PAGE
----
>If the performance of the outer tracks is better than the performance of the
>inner tracks due to limitations of magnetic density or rotation speed (not
>being limited by the head speed or bus speed), then the sequential
>performance of the drive should increase as a square function, going toward
>the outer tracks.  c = pi * r^2

Decrease because the outer tracks are the lower numbered tracks; they
have the same density but they are larger.

>So, small variations of sequential performance are possible, jumping from
>track to track, but based on what I've seen, the maximum performance
>difference from the absolute slowest track to the absolute fastest track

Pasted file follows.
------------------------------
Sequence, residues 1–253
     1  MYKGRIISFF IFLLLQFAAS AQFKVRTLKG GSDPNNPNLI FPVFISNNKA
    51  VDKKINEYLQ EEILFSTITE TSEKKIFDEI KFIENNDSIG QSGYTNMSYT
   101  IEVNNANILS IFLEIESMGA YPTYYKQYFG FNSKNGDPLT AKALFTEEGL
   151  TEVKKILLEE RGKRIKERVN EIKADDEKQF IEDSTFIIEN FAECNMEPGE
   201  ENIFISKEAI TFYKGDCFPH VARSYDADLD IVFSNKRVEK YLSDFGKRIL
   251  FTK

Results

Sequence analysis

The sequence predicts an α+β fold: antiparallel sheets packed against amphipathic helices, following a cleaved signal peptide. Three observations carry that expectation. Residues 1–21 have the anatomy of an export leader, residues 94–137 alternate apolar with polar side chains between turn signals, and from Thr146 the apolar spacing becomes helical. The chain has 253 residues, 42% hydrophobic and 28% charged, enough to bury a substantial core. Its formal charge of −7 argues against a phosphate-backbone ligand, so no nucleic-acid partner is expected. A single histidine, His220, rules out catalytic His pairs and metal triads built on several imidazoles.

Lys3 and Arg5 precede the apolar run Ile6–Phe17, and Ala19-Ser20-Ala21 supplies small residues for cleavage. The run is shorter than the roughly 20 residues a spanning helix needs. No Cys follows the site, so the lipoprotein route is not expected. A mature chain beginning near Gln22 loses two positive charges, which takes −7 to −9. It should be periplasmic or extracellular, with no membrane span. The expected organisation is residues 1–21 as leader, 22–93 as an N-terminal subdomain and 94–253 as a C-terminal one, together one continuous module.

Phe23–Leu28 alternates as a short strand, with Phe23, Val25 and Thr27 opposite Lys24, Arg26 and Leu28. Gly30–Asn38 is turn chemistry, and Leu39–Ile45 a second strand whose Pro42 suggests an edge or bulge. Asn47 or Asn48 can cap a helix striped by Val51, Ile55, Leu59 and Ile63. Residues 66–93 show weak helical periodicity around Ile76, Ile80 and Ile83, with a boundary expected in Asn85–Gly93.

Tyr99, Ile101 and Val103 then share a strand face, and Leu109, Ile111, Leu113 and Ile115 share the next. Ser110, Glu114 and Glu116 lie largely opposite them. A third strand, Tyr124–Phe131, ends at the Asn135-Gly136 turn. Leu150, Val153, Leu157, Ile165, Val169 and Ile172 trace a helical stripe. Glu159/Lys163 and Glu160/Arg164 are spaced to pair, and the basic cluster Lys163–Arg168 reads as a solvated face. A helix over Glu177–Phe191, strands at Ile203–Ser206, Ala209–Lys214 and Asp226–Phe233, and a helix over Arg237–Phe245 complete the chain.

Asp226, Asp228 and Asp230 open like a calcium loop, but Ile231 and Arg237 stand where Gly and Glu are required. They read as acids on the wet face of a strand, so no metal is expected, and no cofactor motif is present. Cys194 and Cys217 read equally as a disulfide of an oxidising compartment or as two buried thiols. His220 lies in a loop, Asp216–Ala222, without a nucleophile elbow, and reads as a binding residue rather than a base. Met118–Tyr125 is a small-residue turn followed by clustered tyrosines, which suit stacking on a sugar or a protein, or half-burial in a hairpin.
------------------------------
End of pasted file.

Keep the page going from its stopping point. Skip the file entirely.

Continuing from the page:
>(which may or may not have any relation to inner vs outer) ... maximum
>variation on-par with 10% performance difference.  Not a square function.

I've noticed a change of 50% in speed or more between the lower and the
higher numbers.  (60MB to 30MB)

In benchmark land, they do short-stroke disks for better performance;
I believe the Pillar boxes do similar tricks under the covers (if you want 
more performance, it gives you the faster tracks)


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